There's many treasures to be found on our beaches, but the one thing I've never found is a beautiful but somewhat slightly creepy, Frozen Charlotte.
Frozen Charlotte is a white bisque doll, created in the 18th century in Germany. Originally created as an innocent bath time novelty, its arrival in the United States in the mid-1800s reminded people of the macabre tale of Frozen Charlotte. It was retold in many formats but the story remained the same.
In 1840 a beautiful but vain young lady named Charlotte was looking forward to a New Year's ball. She'd picked out the perfect gown to show off her porcelain white skin. Now the weather was freezing and the winter wind was biting, it was a particularly harsh night for travelling especially in a sleigh. Charlotte's beau, Charles, was accompanying her to the ball and had already warned her to bundle up, but Charlotte refused. Even her mother pleaded with her:
"Now, daughter dear, put this blanket around you; it’s a dreadful night, and you’ll catch your death of cold.” Charlotte responded, “Nay, Mother, nay.” To ride in blankets muffled up, I never would be seen".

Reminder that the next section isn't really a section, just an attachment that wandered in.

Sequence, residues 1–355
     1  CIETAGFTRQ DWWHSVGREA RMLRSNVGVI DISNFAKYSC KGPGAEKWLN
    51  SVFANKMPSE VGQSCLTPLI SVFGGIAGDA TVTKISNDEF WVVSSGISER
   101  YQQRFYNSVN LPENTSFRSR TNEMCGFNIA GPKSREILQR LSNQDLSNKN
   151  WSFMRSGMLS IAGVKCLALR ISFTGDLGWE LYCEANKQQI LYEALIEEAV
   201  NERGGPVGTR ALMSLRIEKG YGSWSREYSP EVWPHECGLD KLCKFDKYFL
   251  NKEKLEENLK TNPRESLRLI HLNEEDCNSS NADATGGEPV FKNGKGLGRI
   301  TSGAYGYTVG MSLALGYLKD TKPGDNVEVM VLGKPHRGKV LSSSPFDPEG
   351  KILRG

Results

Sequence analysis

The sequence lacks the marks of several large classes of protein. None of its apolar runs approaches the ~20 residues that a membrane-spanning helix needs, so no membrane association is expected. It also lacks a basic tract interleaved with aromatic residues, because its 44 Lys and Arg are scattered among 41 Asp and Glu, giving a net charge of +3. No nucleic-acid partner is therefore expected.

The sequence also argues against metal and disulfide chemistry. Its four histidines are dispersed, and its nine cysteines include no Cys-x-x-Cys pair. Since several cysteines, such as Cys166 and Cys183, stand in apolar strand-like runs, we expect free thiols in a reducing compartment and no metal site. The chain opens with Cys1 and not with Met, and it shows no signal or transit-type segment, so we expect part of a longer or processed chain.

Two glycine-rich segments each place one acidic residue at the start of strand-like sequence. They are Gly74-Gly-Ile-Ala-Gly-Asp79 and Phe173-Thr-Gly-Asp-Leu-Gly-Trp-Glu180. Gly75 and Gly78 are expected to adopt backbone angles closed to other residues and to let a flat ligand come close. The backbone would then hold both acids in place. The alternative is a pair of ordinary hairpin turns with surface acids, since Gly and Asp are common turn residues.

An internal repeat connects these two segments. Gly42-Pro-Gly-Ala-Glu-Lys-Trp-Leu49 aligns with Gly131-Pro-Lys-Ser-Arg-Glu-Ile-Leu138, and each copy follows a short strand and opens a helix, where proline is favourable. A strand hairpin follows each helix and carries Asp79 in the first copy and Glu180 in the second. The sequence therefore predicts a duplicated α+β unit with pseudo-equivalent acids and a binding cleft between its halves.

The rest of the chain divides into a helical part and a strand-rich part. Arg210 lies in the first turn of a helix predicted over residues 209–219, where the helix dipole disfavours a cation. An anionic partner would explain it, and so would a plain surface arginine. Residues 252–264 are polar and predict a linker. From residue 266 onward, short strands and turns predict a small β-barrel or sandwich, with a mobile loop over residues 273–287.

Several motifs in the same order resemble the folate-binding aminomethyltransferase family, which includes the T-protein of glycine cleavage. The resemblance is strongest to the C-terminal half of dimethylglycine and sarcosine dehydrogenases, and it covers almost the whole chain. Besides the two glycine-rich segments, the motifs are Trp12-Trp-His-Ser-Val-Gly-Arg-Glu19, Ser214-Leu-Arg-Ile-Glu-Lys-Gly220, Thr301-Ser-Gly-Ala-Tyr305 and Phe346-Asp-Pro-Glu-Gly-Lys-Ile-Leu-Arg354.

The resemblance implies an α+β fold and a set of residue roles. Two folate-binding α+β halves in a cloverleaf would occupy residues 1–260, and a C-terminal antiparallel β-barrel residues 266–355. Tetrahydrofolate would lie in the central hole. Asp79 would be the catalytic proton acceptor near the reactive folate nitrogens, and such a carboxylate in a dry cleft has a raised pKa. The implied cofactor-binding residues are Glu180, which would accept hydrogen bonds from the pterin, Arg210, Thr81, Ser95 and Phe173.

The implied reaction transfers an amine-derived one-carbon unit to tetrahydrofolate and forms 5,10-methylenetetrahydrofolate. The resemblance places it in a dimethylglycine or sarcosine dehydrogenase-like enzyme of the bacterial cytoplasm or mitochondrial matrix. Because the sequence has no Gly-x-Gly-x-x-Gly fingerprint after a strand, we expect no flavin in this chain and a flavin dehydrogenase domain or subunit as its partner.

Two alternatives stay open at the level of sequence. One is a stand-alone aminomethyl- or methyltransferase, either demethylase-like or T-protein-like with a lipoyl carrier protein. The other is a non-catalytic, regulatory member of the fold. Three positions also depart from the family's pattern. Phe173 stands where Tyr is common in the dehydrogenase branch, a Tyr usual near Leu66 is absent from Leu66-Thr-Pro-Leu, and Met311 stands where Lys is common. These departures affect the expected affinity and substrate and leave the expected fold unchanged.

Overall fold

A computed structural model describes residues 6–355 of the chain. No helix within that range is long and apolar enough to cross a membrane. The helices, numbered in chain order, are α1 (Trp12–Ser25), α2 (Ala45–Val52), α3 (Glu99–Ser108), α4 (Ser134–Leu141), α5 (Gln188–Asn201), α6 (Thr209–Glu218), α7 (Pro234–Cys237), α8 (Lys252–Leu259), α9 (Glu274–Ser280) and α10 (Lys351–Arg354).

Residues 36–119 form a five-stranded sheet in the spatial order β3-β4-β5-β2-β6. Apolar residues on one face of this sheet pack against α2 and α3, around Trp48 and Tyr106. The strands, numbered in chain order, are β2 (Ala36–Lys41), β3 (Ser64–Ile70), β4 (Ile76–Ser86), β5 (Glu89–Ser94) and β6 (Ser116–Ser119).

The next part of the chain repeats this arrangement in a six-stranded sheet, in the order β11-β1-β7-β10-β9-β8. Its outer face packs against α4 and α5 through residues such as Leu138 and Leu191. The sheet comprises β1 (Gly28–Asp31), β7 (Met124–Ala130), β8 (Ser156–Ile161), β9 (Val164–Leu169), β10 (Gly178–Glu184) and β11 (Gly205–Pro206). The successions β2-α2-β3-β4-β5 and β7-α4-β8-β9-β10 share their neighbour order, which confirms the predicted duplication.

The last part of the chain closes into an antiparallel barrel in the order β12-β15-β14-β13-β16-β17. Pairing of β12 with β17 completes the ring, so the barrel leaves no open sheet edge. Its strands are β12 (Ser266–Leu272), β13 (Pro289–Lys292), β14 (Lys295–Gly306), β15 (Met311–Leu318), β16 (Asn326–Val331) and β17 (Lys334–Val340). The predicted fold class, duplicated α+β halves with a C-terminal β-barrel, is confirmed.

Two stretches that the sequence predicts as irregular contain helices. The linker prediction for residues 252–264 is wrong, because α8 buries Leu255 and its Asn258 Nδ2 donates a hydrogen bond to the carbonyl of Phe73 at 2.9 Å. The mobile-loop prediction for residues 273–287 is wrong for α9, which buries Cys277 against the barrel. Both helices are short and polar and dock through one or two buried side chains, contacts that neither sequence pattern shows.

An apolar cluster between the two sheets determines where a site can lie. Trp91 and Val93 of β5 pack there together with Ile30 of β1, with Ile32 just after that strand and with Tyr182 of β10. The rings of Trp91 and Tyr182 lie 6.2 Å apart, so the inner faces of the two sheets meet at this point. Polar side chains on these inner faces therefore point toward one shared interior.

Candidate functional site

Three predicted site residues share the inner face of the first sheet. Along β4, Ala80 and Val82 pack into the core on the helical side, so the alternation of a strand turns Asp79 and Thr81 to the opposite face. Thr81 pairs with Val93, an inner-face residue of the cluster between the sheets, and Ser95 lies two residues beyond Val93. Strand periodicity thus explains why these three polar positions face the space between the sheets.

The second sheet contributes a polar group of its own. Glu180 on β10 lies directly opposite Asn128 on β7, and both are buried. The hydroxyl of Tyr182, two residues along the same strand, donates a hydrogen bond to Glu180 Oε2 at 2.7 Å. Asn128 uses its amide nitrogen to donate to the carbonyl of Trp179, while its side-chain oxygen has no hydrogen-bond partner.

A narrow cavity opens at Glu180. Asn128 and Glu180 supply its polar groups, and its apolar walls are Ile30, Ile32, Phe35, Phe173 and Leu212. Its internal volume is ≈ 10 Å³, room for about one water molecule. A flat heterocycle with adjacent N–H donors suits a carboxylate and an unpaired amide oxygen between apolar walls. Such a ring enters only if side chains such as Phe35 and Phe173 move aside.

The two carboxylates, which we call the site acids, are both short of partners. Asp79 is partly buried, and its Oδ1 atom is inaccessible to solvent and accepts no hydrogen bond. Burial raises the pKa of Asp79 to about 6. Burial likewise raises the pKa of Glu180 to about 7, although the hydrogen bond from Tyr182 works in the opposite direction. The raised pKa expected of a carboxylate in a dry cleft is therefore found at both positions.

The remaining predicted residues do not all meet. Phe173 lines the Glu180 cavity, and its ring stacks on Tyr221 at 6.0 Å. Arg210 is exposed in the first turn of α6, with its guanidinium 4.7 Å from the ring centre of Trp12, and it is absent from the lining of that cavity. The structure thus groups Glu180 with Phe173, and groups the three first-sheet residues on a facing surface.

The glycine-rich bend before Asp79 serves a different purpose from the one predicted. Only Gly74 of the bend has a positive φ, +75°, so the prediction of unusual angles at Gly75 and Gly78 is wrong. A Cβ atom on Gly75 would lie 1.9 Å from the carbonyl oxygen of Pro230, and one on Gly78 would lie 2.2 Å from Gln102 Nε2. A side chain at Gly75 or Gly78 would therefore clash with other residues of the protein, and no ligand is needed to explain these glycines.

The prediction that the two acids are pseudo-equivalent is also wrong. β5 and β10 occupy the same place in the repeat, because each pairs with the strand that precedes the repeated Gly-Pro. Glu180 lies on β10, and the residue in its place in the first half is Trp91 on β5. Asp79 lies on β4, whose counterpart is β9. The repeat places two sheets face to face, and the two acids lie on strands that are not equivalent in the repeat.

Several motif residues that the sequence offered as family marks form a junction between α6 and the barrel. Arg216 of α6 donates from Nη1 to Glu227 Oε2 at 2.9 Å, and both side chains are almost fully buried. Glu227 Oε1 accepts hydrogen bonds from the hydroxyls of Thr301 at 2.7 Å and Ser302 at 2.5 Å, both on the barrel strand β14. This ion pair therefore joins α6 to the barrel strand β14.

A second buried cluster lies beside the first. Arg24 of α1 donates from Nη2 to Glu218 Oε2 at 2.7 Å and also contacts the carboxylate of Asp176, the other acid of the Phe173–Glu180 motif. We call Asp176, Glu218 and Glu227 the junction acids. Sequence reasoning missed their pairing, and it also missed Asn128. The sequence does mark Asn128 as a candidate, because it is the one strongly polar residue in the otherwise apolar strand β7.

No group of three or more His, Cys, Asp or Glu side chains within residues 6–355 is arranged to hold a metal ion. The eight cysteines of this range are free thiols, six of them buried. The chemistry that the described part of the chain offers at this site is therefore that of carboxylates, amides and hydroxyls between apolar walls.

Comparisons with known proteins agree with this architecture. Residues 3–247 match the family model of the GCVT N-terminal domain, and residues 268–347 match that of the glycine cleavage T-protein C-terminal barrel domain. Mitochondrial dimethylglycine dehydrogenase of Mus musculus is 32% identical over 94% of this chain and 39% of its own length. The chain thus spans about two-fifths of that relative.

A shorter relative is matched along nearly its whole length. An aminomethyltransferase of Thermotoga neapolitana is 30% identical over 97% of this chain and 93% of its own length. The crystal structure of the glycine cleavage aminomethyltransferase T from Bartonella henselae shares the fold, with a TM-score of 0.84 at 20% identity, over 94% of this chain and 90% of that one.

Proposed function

They began the cold sleigh ride to the ball, Charles begged her to wrap herself in a blanket:
"Charlotte rolled her eyes and said, “I’d smell like a horse by the time I reached the ball if I used your old carriage blanket to keep warm.” My silk cloak is quite enough".
To cut a long story short, they eventually arrived at the ball and as Charles took Charlotte's hand to help her down from the sleigh, he noticed it was as cold as ice and frozen solid. Instead of being the belle of the ball and having everyone's eyes on her, she became the corpse of the ball. Charles was so overwhelmed with his grief that he died of a broken heart. The tale goes that they would once again be reunited, buried side-by-side in the village graveyard.
The story became so well known that when these little porcelain dolls were introduced, they were given the name Frozen Charlotte because of their resemblance to a tiny corpse. They were even sold in caskets and baked in cakes. It was said that whoever received the piece of cake with the doll, would be bestowed with good fortune. Male versions of the little macabre toys were called Frozen Charlies.
As with most things from that era, Frozen Charlottes were relatively cheap to buy, so they were discarded quite often, but these days they are considered quite collectable. They usually wash up on beaches and river banks. They can also be found in old Victorian rubbish dumps too.